Stamford, Conn.-based community bank Patriot National Bancorp said it will close four of 19 branches and has sold $65 million in non-performing loans and real estate to ES Ventures One, in a bid to restore the lender to improved fiscal health.
The lender, which has one branch on Manhattan’s West Side, sold the assets after a two-year struggle to recover from the economic downturn.
Bank officials said they had multiple bids for the assets, which have accumulated over the past two years. They declined to characterize how much of a gain or loss the bank assumed on the sale, but said there were multiple bids for the portfolio, which includes mostly loans for single-family homes and a few commercial properties.
“We didn’t take these steps because we had a concern about the market,” said Chris Maher, president and chief executive of the bank. “We took these steps because we are not a company that’s in the business of owning real estate.”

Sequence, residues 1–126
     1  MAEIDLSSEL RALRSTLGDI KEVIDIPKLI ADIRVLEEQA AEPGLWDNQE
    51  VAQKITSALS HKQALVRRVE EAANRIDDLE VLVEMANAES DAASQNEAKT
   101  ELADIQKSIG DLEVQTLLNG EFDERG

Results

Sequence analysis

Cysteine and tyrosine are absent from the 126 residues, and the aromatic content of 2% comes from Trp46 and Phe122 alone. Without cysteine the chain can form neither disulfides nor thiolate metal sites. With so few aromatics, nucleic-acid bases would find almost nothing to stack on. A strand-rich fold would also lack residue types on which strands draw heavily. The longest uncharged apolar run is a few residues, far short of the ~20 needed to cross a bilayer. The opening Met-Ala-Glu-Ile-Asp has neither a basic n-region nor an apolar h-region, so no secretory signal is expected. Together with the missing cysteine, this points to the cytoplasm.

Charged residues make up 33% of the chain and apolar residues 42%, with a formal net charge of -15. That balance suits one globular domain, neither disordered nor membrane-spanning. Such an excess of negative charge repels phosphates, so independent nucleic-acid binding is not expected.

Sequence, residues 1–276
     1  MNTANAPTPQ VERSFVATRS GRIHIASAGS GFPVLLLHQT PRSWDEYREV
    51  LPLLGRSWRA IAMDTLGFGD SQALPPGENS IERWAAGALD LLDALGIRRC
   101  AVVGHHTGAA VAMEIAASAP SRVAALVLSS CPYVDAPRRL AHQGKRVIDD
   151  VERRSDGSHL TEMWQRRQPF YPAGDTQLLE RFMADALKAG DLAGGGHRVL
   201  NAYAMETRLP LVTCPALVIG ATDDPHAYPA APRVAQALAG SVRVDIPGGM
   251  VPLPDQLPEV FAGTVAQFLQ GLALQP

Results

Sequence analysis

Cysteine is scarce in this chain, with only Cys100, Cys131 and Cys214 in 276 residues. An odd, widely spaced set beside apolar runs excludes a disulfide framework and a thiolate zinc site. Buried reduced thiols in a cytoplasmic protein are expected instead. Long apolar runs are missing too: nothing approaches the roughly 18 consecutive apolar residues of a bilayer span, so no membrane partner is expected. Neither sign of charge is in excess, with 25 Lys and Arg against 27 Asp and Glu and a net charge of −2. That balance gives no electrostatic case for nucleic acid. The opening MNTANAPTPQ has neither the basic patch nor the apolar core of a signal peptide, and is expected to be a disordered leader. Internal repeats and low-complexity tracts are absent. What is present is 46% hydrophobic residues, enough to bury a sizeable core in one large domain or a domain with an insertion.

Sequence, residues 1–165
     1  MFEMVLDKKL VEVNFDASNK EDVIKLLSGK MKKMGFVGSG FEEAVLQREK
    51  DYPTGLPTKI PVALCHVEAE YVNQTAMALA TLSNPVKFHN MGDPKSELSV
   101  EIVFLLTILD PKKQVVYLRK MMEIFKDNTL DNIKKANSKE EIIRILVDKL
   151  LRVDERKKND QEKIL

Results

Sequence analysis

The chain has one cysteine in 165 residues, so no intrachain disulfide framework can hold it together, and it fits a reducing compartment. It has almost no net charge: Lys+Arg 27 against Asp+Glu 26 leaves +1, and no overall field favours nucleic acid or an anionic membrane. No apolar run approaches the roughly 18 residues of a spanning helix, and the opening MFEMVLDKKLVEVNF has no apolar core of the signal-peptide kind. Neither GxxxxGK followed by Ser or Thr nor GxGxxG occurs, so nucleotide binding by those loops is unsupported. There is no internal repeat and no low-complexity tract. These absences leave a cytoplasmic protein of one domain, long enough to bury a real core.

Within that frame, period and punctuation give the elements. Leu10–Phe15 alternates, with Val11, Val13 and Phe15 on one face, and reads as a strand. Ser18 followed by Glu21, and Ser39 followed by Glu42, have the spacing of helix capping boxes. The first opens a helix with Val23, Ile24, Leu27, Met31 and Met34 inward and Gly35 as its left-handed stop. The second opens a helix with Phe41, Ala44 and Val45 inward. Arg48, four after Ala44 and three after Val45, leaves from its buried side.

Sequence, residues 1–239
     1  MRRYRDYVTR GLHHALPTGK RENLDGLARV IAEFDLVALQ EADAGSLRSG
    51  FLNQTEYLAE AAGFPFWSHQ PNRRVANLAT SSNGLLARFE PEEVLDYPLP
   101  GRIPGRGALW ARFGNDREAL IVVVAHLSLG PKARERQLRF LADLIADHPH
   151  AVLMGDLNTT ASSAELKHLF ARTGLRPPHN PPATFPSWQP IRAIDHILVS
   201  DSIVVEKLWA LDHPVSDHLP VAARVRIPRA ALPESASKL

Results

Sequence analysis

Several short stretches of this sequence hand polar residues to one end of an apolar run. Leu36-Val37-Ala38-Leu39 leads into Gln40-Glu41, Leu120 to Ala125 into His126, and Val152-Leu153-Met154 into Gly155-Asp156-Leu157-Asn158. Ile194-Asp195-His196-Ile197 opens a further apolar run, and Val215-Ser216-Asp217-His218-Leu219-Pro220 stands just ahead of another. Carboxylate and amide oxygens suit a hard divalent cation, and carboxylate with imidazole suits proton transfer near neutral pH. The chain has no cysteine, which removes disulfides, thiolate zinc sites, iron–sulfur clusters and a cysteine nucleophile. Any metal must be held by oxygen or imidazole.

The lender entered a February 2009 agreement with the Office of the Comptroller of the Currency, one of several federal agencies that regulate banks. Patriot agreed to take several steps to reduce its risk, lower its concentration of commercial real estate loans and also implement a program to raise capital.
For the first nine months of 2010, the lender lost $11.3 million, compared to a $19.7 million loss in the year-ago period.
In October, PNBK Holdings, an entity led by investor Michael Carrazza, completed a deal to recapitalize Patriot National, infusing the bank with $50 million.
Carrazza was named chairman of the new company, which also appointed four new members to the board of directors. Maher, a veteran banking executive, was tapped to be president and CEO.
The bank will be closing branches in Wilton, Fairfield, Stratford and Old Greenwich, Conn., resulting in a pre-tax charge against earnings of $3 million and annual cost savings of $1.8 million. The closures are scheduled to be completed before June 30.
The lender has three branches in New York State, including one at 45 West End Avenue in Manhattan.
The sale requires the approval of Patriot’s banking regulator and is expected to close before the end of the month.